Joshua L. Peugh, founder and artistic director of Dark Circles Contemporary Dance, knows dance can bring cultures together and spark conversations.
"Having lived in another country where all I had was the language of dance to bridge the gap reaffirmed for me the idea that movement is the most basic form of communication," Peugh said.
The dance company's Spring Series at WaterTower Theatre in Addison from March 22-24 aims to do just that with two world premieres exploring humanity and classical Indian dance.
Peugh, a New Mexico native and one of Dance Magazine's "25 to Watch," moved to South Korea after graduating from Southern Methodist University. He danced with Universal Ballet Company for two and half years, but he craved another artistic challenge.
"At the ballet company, I wasn't dancing the work I wanted to dance, and I wasn't seeing the kind of work I wanted to see so I started making it," Peugh said.
Peugh started rehearsing with friends in the evenings after a full day of work. Then they would have dinner and as they sipped coffee, they would talk for hours before realizing it was 4 a.m. One performance at a festival led to other performance opportunities.
After a few months of late-night talks, too few hours of sleep and numerous performances, Peugh and his friends decided they needed a name for the company."So, we literally had dark circles," Peugh said. "It started out as a joke – Dark Circles Contemporary Dance because we're so tired – but after six months, we decided it was a good name. It stuck."
In 2011, Peugh's work for SMU's centennial celebration attracted the attention of the late Bruce Wood. Wood established a position for Peugh with his company, Bruce Wood Dance Project.
While Peugh returned to Dallas, Dark Circles Contemporary Dance continued to establish itself in South Korea. Peugh started an American company of Dark Circles Contemporary Dance in Dallas, widening the company's reach.
The Korean company tours throughout Asia while the American company premieres works in Dallas and tours throughout the United States, Canada and Germany.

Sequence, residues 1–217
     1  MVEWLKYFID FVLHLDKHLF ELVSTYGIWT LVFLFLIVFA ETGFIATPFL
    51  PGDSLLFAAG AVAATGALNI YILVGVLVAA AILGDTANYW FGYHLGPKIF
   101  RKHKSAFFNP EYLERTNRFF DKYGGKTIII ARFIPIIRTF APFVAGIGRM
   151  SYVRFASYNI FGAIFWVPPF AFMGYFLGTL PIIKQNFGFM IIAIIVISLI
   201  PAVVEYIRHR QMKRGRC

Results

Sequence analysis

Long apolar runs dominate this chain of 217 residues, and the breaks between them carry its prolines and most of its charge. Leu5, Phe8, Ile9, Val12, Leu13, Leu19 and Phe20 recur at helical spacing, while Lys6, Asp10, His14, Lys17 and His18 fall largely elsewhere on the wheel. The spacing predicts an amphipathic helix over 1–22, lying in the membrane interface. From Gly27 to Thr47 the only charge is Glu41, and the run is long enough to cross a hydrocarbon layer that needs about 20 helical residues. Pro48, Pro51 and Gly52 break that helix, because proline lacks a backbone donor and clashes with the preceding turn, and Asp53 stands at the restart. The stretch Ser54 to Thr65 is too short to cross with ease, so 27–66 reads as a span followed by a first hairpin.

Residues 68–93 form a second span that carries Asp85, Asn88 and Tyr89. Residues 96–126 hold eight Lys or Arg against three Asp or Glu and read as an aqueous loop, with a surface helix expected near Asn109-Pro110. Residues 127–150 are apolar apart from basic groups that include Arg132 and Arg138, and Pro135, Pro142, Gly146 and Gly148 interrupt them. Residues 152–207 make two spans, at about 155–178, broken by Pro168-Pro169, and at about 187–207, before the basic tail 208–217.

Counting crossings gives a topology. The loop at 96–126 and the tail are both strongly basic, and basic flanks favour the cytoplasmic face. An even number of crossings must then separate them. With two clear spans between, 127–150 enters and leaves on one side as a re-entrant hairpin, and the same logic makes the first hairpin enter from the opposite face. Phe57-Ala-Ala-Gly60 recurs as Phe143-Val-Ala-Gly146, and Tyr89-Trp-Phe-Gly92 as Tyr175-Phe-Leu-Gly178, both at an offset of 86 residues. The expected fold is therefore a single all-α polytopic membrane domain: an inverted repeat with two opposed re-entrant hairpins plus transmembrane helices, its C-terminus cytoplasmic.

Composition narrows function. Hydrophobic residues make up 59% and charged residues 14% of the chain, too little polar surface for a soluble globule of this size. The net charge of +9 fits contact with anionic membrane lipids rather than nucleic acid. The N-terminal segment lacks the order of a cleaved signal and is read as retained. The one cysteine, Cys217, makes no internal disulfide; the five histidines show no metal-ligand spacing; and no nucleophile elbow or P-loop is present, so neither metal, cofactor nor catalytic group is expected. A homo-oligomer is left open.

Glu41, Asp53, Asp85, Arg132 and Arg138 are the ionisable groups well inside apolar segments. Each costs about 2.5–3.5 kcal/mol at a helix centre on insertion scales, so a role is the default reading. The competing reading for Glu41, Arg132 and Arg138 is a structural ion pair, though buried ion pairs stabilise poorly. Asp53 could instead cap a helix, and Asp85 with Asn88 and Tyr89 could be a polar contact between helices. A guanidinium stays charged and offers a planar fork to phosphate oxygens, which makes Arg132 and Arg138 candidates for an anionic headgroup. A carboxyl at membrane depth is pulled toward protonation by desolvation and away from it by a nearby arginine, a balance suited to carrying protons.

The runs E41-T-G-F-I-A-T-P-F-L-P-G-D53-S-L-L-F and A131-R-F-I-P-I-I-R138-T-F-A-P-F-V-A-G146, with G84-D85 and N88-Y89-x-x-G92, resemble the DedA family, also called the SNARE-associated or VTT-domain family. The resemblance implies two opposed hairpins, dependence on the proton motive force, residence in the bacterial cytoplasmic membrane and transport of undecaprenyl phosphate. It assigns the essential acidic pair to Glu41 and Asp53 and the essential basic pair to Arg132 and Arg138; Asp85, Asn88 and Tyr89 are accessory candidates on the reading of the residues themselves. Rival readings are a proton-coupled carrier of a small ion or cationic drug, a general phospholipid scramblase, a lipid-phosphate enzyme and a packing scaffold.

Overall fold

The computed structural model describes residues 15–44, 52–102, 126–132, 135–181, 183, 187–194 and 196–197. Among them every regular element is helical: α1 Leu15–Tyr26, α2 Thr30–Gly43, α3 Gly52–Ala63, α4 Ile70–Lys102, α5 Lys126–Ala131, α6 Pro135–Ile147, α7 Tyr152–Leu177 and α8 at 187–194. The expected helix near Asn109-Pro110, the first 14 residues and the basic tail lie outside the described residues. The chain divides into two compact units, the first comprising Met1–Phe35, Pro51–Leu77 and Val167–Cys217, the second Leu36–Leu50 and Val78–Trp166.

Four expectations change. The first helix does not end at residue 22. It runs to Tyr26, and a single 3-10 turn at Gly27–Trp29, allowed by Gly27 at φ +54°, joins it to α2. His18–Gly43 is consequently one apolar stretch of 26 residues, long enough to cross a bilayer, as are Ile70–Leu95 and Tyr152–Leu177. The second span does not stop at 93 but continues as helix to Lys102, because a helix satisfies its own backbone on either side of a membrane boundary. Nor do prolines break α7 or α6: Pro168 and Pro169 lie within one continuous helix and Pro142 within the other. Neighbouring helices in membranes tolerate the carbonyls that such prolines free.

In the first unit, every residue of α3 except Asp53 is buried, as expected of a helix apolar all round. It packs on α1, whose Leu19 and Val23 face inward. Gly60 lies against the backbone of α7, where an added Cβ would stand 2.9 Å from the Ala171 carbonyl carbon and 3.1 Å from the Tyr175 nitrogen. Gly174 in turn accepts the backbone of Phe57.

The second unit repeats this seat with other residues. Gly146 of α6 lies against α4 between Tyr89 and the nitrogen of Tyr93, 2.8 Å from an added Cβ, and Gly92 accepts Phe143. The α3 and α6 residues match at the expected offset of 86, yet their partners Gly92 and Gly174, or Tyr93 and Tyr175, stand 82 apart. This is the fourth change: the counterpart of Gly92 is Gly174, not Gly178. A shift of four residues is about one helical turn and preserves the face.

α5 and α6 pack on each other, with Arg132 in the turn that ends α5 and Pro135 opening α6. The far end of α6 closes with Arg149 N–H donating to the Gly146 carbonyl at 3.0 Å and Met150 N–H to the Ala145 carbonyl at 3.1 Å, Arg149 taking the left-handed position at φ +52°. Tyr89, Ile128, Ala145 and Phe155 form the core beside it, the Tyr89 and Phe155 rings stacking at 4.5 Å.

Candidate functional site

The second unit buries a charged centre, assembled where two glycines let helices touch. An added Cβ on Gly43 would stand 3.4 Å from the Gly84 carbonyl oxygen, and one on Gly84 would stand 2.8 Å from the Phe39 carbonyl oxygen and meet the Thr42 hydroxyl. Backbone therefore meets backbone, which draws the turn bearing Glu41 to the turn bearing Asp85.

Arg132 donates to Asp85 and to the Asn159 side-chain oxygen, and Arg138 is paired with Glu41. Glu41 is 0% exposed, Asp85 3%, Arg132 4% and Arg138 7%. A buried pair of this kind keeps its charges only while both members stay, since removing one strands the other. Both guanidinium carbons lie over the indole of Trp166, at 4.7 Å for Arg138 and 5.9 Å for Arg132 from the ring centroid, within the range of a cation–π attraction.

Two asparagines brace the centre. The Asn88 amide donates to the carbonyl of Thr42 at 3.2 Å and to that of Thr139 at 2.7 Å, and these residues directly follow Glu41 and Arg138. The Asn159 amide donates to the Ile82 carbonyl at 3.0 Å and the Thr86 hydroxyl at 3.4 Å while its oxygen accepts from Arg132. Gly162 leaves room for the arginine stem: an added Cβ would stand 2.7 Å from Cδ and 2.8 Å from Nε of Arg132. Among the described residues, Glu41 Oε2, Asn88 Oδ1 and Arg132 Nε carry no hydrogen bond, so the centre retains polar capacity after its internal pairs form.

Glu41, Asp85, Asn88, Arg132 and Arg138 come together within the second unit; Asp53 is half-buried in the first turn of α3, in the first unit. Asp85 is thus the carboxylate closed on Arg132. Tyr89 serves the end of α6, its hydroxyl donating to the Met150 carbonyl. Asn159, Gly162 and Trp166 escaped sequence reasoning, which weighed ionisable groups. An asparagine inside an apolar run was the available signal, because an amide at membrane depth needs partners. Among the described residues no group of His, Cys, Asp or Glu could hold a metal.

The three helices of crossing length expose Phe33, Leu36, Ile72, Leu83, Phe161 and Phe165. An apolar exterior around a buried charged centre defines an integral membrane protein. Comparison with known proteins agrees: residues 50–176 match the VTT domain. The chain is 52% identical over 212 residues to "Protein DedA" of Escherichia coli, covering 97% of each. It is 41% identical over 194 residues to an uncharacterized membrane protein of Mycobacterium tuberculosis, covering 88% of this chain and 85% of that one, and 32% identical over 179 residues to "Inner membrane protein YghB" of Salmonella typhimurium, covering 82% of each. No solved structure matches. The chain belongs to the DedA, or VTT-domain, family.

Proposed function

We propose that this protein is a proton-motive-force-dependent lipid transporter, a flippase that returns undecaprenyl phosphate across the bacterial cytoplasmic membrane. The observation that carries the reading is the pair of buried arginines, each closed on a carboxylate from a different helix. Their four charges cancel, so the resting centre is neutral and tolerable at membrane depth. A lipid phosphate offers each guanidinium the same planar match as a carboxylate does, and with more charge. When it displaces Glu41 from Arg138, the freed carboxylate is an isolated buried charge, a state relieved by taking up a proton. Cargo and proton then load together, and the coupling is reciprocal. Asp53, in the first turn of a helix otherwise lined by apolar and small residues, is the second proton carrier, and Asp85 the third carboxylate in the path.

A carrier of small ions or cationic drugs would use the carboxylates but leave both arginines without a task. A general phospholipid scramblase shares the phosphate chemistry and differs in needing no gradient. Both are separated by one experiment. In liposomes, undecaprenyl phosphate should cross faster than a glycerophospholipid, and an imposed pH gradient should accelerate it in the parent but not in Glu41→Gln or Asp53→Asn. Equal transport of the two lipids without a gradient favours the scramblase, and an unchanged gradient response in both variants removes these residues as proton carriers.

When the Dallas company collaborated with the Korea National Contemporary Dance Company in 2017, Peugh introduced the American company to their Korean counterparts, taking them to the Korean company's studio.
"We did a company class together, they got to meet the other dancers and listen to the other half of the founding team talking about our principles," Peugh said.
Those principles stem from Peugh's love of theater and engaging storytelling.
"My goal is always to be as accessible as possible to as many people as possible. I think we have to be entertainers. That's our job," Peugh said. "I'm always training the company to let things happen instead of making things happen. All the training is specifically built to make people present so everything is coming from the inside out, because I believe if the story we're telling is authentic and honest, it's a lot easier for the audience to insert themselves into the fantasy they are seeing onstage."
Peugh wants audiences immersed in the dance, preferring intimate venues with no barriers between the audience and the dancers.
"It's not something that sits away from you. It's actually something you're interacting with, so the shared experience is happening between the audience and the performers," Peugh said. "My favorite compliment after the performance is always people saying, 'Oh, I wanted to get up and do that too,' or 'I was dancing in my seat,' or people sending me an email a week later saying they have questions because there's some peculiarity of our work picking at them."
Audiences will experience two contrasting works as a part of the Spring Series. "Nervosa" is a world premiere creation by award-winning choreographer, Sidra Bell.
"I try to pick people that I'm jealous of to bring in. When I commission someone, I'm going to bring in someone that I wish I had thought of what they did, people who I think can challenge me and push me in a different direction," Peugh said. Bell's sleek, architectural work emphasizes the exploration of movement to comprehend what is happening in the world.
Peugh is creating the second piece on the program, "Dialogue", combining contemporary dance with Bharatanatyam, a classical Indian dance form. Tejas Dance, a classical Indian dance duo, is collaborating on the work. For Peugh, it's an experiment to better understand another culture's dance form, testing the language of dance's vocabulary and surprising its creators.
"What happens if we smash it together? What happens if we break some of the rules of the classical form, but also break some of the rules of contemporary dance by adding in facial expressions or detailed eye and hand gestures," Peugh said. "I never know what's going to come out when I'm working."